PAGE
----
Casey Flaherty Ruminates on Contract-Drafting Dysfunction (and Offers Thoughts on MSCD and Me)

A Manual of Style for Contract Drafting isn’t a promising candidate for a book review. Unless you’re willing to immerse yourself in detail, perhaps the most sensible approach would be to do a quick in-and-out, skating over the hundreds of pages of exegesis and exiting with a sigh of relief.

Well, thank goodness for contrarians like Casey Flaherty. In this post on 3 Geeks and Law Blog, Casey considers what I do, but he doesn’t get bogged down in minutiae, and he’s anything but glib. Instead, he uses the post as an excuse to revisit, in his inimitably discursive way, the arguments in favor of, and the prospects for, change in a hidebound profession.

Casey and I are fighting the same battle on overlapping fronts. His peroration would have put a lump in my throat, if I weren’t such a tough guy:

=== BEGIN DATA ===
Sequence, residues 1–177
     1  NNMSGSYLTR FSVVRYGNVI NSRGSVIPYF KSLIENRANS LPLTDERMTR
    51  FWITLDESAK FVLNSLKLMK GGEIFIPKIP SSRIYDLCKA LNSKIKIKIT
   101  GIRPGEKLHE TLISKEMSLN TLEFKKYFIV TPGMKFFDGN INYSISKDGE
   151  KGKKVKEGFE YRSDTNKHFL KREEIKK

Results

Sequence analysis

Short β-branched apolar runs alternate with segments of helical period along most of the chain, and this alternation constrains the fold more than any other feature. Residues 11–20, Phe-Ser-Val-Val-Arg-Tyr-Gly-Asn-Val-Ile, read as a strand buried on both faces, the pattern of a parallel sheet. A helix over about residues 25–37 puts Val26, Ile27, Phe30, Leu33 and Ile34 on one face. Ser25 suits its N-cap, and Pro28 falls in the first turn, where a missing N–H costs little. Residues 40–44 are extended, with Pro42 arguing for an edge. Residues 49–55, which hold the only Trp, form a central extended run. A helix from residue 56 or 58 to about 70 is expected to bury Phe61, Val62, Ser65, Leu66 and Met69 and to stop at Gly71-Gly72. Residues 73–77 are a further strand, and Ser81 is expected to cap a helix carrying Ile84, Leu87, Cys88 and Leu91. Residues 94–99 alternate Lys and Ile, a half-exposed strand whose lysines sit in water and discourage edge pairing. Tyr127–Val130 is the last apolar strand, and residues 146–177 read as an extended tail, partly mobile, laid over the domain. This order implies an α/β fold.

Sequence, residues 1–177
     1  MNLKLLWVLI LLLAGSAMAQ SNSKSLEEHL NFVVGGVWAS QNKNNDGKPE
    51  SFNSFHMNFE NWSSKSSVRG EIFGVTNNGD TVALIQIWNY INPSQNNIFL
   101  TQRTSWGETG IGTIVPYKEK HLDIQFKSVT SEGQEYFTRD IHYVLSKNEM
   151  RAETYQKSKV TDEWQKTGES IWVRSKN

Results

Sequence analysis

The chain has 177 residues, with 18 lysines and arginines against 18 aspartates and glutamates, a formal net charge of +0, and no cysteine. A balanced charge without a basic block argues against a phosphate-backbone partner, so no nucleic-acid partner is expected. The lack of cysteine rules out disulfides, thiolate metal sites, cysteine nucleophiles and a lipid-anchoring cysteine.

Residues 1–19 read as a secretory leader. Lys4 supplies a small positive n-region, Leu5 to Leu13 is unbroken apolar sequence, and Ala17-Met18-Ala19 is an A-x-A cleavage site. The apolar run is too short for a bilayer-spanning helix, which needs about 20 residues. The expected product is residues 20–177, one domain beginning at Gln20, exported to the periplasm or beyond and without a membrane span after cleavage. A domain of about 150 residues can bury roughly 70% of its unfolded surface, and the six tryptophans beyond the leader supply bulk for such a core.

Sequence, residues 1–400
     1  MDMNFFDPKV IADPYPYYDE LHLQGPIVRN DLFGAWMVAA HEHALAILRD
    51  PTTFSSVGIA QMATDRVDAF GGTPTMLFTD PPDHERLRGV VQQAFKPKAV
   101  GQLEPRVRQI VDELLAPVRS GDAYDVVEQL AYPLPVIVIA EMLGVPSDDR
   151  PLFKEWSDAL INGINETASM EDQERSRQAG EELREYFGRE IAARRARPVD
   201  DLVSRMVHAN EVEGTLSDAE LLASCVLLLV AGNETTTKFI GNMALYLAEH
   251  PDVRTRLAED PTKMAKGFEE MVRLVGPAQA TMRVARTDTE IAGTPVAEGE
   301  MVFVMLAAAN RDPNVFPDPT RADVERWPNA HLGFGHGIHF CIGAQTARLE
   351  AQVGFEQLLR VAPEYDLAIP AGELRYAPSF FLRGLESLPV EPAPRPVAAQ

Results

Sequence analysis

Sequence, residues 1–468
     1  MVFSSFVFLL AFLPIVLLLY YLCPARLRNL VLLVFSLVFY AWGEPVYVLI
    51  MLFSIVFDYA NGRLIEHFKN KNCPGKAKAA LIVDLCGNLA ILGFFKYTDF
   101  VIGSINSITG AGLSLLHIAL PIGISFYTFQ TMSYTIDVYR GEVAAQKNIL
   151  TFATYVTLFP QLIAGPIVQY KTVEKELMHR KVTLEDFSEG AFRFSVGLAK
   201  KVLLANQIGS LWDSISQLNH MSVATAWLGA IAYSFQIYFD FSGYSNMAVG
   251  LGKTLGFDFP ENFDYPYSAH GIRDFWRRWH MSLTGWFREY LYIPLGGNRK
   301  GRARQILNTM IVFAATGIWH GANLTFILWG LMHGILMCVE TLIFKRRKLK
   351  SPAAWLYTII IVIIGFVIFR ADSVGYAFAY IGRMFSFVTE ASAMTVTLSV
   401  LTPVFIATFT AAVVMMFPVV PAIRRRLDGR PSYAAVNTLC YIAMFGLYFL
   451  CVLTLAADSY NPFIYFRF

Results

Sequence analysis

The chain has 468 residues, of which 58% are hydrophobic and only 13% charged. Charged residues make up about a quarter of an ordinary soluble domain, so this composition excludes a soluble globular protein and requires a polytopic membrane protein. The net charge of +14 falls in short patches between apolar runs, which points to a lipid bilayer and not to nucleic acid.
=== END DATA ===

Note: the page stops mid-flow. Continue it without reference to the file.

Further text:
I know I’m fighting the good fight. But it’s trench warfare. Progress is measured in inches. I am keen on any technological advancement, tactical innovation, or strategic shift that might fundamentally alter the dynamic. When do we start capturing huge chunks of territory? I remain hopeful that the answer is soon. But I’m not counting on it and intend to keep fighting anyway.

About the author

Ken Adams is the leading authority on how to say clearly whatever you want to say in a contract. He’s author of A Manual of Style for Contract Drafting, and he offers online and in-person training around the world. He’s also chief content officer of LegalSifter, Inc., a company that combines artificial intelligence and expertise to assist with review of contracts.